G.K. Chesterton, a man known for quotable sayings, once wrote, “I believe in getting into hot water. I think it keeps you clean” (Illustrated London News, March 10, 1906).
Though Chesterton said this in the context of public discourse, the same is undoubtedly true in the private life of believers. We also know it to be true that trouble and suffering are ubiquitous. And with something so common to our everyday lives, it is essential to have a biblical perspective.
What does Scripture say about trials? Is Chesterton really correct in saying that they can be a good thing? As I work to answer these questions in this series, I want to focus on one of the classic New Testament passages on the subject:
Consider it all joy, my brethren, when you encounter various trials, knowing that the testing of your faith produces endurance. And let endurance have its perfect result, so that you may be perfect and complete, lacking in nothing.
But if any of you lacks wisdom, let him ask of God, who gives to all generously and without reproach, and it will be given to him …
When James wrote this letter, the very first thing he wanted to talk about was suffering. And this is a very natural starting point, for the simple reason that everybody on earth lives through trials. We are fallen creatures living in the midst of a fallen world, and that is an equation for constant trouble. For humans, suffering is always near at hand.
Likewise Solomon observed, “What does a man get in all his labor and in his striving with which he labors under the sun? Because all his days his task is painful and grievous; even at night his mind does not rest. This too is vanity” (Ecclesiastes 2:22-23). Day and night, life seems like nothing but trouble.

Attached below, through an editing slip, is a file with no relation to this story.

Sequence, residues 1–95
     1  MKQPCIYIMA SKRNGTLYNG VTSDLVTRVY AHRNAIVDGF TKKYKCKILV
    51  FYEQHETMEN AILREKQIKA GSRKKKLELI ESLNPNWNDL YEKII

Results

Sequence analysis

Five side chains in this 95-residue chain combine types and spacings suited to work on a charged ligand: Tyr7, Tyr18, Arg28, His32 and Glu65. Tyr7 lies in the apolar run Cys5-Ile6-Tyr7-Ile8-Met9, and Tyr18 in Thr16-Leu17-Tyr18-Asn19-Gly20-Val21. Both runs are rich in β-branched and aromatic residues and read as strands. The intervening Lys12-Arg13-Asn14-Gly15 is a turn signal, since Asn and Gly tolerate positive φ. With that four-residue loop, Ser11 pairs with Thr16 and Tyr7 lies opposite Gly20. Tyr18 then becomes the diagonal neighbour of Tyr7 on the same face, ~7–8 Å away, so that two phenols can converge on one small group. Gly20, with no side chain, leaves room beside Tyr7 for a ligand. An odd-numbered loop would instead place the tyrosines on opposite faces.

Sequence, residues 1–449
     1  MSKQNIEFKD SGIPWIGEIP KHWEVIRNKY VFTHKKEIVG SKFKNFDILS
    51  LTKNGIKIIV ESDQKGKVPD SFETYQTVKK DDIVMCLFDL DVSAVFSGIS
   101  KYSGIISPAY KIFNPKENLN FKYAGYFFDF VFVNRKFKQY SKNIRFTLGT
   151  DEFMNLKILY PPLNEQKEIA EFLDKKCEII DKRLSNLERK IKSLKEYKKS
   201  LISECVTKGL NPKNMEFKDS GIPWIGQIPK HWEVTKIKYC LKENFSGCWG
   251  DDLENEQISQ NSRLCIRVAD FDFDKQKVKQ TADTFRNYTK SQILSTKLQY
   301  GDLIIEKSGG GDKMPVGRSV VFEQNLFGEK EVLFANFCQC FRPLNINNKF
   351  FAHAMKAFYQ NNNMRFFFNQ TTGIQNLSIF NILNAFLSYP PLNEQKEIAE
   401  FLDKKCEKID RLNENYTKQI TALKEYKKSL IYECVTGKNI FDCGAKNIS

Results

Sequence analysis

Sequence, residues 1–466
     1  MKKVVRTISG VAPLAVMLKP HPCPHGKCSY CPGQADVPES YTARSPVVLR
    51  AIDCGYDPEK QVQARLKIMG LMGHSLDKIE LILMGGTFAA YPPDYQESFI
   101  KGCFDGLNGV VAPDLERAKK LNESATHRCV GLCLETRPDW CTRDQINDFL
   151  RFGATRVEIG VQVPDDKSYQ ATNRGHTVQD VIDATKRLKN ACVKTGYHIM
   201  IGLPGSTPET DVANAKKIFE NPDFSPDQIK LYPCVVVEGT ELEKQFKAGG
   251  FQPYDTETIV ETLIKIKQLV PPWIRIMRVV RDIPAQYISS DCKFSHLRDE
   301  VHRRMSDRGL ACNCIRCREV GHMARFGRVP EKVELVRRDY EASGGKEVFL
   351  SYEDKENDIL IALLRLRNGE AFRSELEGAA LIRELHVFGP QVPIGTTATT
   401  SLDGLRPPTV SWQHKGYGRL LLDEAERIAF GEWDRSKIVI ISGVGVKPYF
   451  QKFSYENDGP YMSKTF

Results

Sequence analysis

Even for Christians, the beloved children of God, life is a constant stream of trials in a very troubled world. Whenever we finally get our own little worlds under control, someone invades it and messes it up. We do everything we can to protect our peace and comfort, but trouble inevitably comes, either from outside or inside.
Jesus Himself was not able to avoid trouble. He said of His disciples, “You are those who have stood by Me in My trials” (Luke 22:28). He also told them, “In the world you have tribulation” (John 16:33). Later, Paul’s experience as an apostle bore that out (2 Corinthians 4:8).
Trouble is a normal part of life. We expect trouble in our family and from our friends. We expect trouble at work and at school. We expect money problems and health problems. We even expect that trouble will eventually find us out in the form of death as it strikes the people close to us.
This situation is true of everyone. And James says that if your faith in Christ is genuine, it will show up when trouble comes. If your faith isn’t strong enough to answer trials, it’s no good. The only useful faith and the only real faith is the sort that can sustain you when everything goes wrong.
Trials, then, are a legitimate test of the quality of your faith. Getting into “hot water” reveals whether your faith is living faith or dead faith, genuine faith or imitation faith, saving faith or non-saving faith. We will look more closely at this aspect of trials next time.
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